The activin and inhibin protein complexes are both dimeric in structure, and, in each complex, the two monomers are linked to one another by a single disulfide bond. In addition, both complexes are derived from the same family of related genes and proteins but differ in their subunit composition. Below is a list of the most common inhibin and activin complexes and their subunit composition:
Schematic diagram of the 1D structures of inhibin and activin. The black line between the monomers represents a disulfide bond.
The alpha and beta subunits share approximately 25% sequence similarity, whereas the similarity between beta subunits is approximately 65%.
In mammals, four beta subunits have been described, called activin βA, activin βB, activin βC and activin βE. Activin βA and βB are identical to the two beta subunits of inhibin. A fifth subunit, activin βD, has been described in Xenopus laevis. Two activin βA subunits give rise to activin A, one βA, and one βB subunit gives rise to activin AB, and so on. Various, but not all theoretically possible, heterodimers have been described. The subunits are linked by a single covalent disulfide bond.
The βC subunit is able to form activin heterodimers with βA or βB subunits but is unable to dimerize with inhibin α.
Activin binds to the Type II receptor and initiates a cascade reaction that leads to the recruitment, phosphorylation, and activation of Type I activin receptor. This then interacts with and then phosphorylates SMAD2 and SMAD3, two of the cytoplasmic SMAD proteins.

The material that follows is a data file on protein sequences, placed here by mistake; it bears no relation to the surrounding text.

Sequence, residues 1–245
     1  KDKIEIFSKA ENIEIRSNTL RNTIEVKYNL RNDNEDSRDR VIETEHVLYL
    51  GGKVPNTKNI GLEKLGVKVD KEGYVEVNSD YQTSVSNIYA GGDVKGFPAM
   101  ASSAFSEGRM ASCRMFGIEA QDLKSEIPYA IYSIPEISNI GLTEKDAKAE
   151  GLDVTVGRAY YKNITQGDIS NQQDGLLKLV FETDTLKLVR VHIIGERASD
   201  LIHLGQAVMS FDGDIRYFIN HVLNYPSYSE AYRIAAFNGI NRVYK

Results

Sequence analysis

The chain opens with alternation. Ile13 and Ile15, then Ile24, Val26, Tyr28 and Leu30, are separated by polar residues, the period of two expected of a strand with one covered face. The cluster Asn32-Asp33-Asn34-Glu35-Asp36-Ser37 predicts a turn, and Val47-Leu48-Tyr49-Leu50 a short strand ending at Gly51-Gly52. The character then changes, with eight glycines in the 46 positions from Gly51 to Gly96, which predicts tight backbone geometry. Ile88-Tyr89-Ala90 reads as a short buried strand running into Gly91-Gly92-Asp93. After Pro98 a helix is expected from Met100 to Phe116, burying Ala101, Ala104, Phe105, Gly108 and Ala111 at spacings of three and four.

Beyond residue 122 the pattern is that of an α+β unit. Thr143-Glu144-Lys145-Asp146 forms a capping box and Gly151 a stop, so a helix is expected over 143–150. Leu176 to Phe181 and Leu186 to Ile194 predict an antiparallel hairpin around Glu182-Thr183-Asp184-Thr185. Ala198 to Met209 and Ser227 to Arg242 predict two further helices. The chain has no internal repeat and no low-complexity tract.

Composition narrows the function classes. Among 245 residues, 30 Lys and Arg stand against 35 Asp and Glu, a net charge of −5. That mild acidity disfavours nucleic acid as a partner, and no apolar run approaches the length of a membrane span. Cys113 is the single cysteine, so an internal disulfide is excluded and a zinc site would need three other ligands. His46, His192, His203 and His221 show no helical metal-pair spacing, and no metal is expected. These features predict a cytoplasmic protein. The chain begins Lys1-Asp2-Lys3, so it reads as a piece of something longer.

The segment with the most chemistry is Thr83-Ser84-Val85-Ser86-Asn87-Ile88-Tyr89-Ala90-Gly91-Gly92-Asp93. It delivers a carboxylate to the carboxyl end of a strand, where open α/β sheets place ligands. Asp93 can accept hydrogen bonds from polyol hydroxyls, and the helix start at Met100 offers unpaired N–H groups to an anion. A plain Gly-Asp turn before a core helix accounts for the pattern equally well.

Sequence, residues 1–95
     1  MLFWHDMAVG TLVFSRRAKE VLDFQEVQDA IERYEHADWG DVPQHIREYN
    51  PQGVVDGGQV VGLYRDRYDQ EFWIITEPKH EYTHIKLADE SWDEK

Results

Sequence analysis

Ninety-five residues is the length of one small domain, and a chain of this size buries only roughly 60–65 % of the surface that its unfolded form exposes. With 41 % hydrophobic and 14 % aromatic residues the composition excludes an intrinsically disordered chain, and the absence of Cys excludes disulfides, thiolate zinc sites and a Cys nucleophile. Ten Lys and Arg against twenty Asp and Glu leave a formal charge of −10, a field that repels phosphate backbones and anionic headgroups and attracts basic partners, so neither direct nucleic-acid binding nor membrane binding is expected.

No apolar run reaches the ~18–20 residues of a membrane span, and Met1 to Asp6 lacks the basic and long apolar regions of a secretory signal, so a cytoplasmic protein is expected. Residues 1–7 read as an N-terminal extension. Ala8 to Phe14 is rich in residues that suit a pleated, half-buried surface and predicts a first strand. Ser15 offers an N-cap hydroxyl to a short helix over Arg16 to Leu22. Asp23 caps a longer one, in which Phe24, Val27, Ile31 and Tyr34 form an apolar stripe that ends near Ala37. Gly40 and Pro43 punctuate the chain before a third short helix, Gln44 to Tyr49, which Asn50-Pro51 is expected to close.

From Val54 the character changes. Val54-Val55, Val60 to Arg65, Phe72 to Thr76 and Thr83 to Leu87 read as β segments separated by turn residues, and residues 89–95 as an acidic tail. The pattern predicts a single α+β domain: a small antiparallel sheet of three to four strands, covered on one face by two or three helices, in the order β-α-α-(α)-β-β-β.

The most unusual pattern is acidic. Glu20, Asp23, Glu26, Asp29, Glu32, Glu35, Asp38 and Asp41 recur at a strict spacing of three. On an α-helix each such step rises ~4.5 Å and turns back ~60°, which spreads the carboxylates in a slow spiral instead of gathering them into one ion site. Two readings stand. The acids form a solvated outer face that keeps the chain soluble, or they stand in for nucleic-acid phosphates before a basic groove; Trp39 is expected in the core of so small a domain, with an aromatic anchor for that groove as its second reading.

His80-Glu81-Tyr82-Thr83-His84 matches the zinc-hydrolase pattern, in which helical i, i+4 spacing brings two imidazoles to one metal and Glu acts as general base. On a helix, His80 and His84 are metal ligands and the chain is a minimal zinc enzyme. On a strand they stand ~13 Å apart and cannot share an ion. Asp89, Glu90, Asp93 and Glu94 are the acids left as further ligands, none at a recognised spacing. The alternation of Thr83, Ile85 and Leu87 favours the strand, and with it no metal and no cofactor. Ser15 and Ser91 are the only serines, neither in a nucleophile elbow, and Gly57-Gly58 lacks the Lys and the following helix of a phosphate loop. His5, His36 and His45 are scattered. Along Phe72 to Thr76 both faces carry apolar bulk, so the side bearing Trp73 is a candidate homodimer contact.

Smad3 then translocates to the nucleus and interacts with SMAD4 through multimerization, resulting in their modulation as transcription factor complexes responsible for the expression of a large variety of genes.
In contrast to activin, much less is known about the mechanism of action of inhibin, but may involve competing with activin for binding to activin receptors and/or binding to inhibin-specific receptors.
A mutation in the gene for the activin receptor ACVR1 results in fibrodysplasia ossificans progressiva, a fatal disease that causes muscle and soft tissue to gradually be replaced by bone tissue. This condition is characterized by the formation of an extra skeleton that produces immobilization and eventually death by suffocation. The mutation in ACVR1 causes activin A, which normally acts as an antagonist of the receptor and blocks osteogenesis (bone growth), to behave as an agonist of the receptor and to induce hyperactive bone growth. On 2 September 2015, Regeneron Pharmaceuticals announced that they had developed an antibody for activin A that effectively cures the disease in an animal model of the condition.
Quantification of inhibin A is part of the prenatal quad screen that can be administered during pregnancy at a gestational age of 16–18 weeks. An elevated inhibin A (along with an increased beta-hCG, decreased AFP, and a decreased estriol) is suggestive of the presence of a fetus with Down syndrome. As a screening test, abnormal quad screen test results need to be followed up with more definitive tests.
Inhibin B may be used as a marker of spermatogenesis function and male infertility. The mean serum inhibin B level is significantly higher among fertile men (approximately 140 pg/mL) than in infertile men (approximately 80 pg/mL). In men with azoospermia, a positive test for inhibin B slightly raises the chances for successfully achieving pregnancy through testicular sperm extraction (TESE), although the association is not very substantial, having a sensitivity of 0.65 (95% confidence interval [CI]: 0.56–0.74) and a specificity of 0.83 (CI: 0.64–0.93) for prediction the presence of sperm in the testes in non-obstructive azoospermia.
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